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Also known as the Mexican Sour Gherkin, cucamelon seeds produce vines that could be mistaken for regular cucumber plants. The plants are not quite as productive as cucumbers, but the fruits are amazingly cute and novel. They look like tiny watermelons, but have a very appealing cucumber flavour with slight citrus notes. Eat them fresh or pickle them for a crunchy treat. Harvest them at the 2cm (1") size, before the seeds develop. This is a heat loving tropical plant that is most productive in hot weather or a greenhouse setting. Start the seeds indoors and treat as you would a conventional cucumber seedling.
Matures in 67 days
Season Warm season
Cucumbers need very warm soil to germinate. If direct sowing, wait until mid-June. If weather turns cool and wet after that, just re-sow. Or start transplants indoors in individual peat or coir pots 3-4 weeks before transplanting out into warm soil. If starting indoors, use bottom heat. Transplant when the plants develop their third true leaf. If the plants are too big, they may experience transplant shock. Optimal soil temperature for germination (and transplanting): 15-30°C (60-85°F).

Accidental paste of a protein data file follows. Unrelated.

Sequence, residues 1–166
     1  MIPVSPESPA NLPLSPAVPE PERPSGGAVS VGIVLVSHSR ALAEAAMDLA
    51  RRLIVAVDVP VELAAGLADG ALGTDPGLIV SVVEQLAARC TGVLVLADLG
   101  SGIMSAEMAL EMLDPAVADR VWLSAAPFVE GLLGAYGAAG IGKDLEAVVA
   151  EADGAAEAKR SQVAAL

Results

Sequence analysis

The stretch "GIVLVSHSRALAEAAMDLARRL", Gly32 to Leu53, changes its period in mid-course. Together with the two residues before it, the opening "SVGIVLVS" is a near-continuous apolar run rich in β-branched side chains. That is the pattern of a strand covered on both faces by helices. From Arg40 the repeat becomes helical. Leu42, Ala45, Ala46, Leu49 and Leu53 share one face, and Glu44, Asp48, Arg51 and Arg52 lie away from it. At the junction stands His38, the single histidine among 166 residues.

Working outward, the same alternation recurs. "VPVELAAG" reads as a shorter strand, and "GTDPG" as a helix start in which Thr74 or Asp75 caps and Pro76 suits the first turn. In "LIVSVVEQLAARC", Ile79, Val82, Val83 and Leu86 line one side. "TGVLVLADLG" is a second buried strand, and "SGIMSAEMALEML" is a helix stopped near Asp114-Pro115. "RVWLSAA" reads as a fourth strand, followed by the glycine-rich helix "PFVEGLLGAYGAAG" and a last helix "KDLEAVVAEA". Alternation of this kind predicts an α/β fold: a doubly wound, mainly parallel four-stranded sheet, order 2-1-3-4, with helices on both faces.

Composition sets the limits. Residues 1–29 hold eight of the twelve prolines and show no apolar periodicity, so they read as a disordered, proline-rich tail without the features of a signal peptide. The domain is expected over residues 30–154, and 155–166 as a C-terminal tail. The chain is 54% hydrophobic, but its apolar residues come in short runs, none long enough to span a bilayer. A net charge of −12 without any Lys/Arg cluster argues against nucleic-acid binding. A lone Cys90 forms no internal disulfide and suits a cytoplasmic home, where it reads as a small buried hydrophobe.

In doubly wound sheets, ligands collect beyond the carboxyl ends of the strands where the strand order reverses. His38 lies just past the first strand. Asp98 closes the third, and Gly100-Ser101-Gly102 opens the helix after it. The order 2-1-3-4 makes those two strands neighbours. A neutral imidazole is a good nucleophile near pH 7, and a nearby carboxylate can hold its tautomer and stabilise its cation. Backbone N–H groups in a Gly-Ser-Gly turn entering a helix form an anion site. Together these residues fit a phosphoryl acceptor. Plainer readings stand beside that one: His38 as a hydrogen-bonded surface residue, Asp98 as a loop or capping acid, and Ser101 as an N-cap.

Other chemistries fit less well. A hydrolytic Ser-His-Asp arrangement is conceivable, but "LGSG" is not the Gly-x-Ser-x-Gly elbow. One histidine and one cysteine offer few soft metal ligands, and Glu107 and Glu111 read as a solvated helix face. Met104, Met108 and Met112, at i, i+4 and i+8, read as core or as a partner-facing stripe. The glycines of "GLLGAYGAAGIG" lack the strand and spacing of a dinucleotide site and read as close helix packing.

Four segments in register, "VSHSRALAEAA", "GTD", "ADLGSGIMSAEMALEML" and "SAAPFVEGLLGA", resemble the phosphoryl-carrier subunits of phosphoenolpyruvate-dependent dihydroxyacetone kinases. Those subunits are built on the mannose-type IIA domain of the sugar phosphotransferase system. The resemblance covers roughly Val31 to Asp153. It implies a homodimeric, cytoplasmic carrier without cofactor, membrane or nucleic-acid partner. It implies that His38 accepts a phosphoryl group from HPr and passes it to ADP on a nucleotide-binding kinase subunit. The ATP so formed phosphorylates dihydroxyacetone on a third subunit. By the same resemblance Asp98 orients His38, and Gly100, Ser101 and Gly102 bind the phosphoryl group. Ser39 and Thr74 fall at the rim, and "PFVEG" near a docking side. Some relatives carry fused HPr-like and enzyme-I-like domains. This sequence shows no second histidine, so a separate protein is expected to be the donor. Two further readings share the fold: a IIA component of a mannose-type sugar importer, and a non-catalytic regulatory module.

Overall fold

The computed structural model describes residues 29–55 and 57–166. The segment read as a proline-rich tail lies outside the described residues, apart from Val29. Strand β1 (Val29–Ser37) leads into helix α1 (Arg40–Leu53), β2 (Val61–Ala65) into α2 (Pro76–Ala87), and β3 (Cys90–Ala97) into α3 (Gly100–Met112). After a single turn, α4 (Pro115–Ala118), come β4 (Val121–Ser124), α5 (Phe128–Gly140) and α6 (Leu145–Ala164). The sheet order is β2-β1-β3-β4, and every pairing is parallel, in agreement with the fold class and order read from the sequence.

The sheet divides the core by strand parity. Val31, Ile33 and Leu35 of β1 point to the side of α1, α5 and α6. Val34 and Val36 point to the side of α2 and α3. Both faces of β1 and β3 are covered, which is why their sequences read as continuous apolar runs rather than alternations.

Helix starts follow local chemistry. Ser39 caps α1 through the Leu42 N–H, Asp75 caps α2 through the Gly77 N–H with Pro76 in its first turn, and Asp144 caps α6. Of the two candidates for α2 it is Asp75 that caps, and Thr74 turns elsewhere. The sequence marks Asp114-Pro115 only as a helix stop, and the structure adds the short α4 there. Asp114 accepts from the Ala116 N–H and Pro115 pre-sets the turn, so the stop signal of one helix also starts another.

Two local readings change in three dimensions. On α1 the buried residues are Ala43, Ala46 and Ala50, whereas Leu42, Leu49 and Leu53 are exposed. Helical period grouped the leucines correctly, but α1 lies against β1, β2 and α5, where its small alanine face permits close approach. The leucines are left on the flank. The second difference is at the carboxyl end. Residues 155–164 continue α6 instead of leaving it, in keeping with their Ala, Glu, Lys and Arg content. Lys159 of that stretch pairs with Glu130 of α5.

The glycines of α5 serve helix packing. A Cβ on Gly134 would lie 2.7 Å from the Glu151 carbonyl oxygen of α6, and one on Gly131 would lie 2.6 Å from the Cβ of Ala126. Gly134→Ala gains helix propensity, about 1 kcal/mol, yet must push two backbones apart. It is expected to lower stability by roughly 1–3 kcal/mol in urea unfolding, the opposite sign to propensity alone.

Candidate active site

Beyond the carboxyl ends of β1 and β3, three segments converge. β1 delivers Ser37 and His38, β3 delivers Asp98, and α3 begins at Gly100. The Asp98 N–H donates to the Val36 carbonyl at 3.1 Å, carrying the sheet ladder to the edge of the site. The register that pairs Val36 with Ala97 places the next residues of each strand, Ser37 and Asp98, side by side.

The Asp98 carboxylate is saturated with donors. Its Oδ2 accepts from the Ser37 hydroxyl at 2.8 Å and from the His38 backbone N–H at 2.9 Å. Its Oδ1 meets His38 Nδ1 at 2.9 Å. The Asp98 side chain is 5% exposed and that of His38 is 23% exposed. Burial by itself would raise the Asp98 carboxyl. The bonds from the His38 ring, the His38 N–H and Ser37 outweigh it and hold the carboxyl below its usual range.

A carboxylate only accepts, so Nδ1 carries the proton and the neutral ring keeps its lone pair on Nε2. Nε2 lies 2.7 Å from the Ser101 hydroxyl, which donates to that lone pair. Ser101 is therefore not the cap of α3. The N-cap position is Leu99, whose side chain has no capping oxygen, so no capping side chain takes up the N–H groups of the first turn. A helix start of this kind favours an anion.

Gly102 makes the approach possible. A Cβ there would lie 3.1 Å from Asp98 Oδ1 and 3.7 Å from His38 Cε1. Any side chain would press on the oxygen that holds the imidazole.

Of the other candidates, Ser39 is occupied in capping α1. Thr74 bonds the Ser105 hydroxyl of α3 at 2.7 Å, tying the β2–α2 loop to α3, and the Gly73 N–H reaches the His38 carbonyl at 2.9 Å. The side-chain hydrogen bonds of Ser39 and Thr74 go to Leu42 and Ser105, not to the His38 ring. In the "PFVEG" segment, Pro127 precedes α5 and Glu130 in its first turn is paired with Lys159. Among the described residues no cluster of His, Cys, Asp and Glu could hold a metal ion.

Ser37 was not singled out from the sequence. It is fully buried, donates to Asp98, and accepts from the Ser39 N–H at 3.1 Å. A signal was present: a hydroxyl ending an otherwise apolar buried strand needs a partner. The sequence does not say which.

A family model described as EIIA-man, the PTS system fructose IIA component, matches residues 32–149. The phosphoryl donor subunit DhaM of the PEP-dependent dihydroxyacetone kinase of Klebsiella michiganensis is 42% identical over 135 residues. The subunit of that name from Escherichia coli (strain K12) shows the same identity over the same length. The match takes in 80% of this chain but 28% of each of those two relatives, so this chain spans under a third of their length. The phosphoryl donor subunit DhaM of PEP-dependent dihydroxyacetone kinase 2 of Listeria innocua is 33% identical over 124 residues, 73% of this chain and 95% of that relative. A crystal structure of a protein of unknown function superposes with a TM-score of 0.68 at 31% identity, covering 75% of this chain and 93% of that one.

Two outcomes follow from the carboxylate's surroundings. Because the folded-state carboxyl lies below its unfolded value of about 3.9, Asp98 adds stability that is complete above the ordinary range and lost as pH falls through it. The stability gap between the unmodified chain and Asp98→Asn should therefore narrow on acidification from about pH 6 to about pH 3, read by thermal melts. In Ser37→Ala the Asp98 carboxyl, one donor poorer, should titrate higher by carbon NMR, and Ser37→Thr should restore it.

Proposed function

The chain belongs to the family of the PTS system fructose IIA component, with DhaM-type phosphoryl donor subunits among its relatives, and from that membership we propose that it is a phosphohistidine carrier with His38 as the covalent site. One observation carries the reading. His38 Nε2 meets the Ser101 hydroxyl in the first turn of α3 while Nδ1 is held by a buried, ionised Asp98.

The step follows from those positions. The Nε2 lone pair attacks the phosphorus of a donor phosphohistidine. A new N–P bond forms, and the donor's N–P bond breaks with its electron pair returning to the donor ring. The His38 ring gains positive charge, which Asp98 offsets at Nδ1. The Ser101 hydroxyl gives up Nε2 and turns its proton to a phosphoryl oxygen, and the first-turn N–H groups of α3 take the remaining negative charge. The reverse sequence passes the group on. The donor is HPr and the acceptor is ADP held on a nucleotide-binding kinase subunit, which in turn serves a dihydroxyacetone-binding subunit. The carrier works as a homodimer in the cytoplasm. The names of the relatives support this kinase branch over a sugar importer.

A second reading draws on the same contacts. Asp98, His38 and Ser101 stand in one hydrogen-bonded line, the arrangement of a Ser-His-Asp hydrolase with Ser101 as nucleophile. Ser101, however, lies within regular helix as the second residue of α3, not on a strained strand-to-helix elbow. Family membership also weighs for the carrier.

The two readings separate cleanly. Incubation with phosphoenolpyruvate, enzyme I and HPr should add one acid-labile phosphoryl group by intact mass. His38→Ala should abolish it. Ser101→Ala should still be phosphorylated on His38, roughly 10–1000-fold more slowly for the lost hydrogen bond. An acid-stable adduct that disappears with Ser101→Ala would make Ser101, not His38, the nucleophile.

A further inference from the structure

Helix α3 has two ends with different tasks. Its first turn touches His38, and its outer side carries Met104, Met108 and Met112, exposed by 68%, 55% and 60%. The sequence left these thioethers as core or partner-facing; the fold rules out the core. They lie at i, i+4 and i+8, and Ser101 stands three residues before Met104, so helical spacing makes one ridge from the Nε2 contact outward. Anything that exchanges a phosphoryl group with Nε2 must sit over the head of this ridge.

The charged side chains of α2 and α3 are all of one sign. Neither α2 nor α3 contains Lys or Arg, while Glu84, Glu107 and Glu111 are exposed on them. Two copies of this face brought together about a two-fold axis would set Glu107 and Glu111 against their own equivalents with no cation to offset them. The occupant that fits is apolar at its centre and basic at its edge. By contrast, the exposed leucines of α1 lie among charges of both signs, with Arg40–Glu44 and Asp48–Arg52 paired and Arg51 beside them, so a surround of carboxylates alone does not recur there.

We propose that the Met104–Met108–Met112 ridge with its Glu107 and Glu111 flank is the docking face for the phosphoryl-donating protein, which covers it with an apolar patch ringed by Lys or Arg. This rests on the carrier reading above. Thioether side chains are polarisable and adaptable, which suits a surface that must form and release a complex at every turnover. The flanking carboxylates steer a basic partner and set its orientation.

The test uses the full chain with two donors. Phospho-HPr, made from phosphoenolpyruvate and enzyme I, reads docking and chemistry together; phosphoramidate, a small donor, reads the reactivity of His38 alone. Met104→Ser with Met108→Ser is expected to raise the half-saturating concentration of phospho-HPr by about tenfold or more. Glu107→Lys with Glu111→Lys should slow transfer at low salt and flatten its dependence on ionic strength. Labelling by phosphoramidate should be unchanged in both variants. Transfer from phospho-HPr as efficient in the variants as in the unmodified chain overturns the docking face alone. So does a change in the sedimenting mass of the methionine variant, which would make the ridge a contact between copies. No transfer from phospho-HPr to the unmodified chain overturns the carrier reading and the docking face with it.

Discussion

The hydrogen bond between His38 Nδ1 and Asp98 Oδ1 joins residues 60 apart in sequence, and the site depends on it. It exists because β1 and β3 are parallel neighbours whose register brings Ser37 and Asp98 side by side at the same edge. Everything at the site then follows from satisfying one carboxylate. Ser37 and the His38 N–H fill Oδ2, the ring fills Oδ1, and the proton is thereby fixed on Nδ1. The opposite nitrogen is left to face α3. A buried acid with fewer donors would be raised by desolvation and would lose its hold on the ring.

Sow 3-4 seeds 2cm (1″) deep in each spot you want a plant to grow. Thin to the strongest seedling. Space plants 23cm (9″) apart in rows 90cm (36″) apart.
Plant cucumbers beside asparagus, beans, Brassicas, celery, corn, dill, kohlrabi, lettuce, onion, peas, radish, and tomatoes. Avoid planting near potatoes and sage. Both corn and sunflowers can act as a trellis for cucumbers to good effect. Dill will help cucumbers by attracting predatory insects, and nasturtiums is said to improve the flavour and growth of cucumbers.
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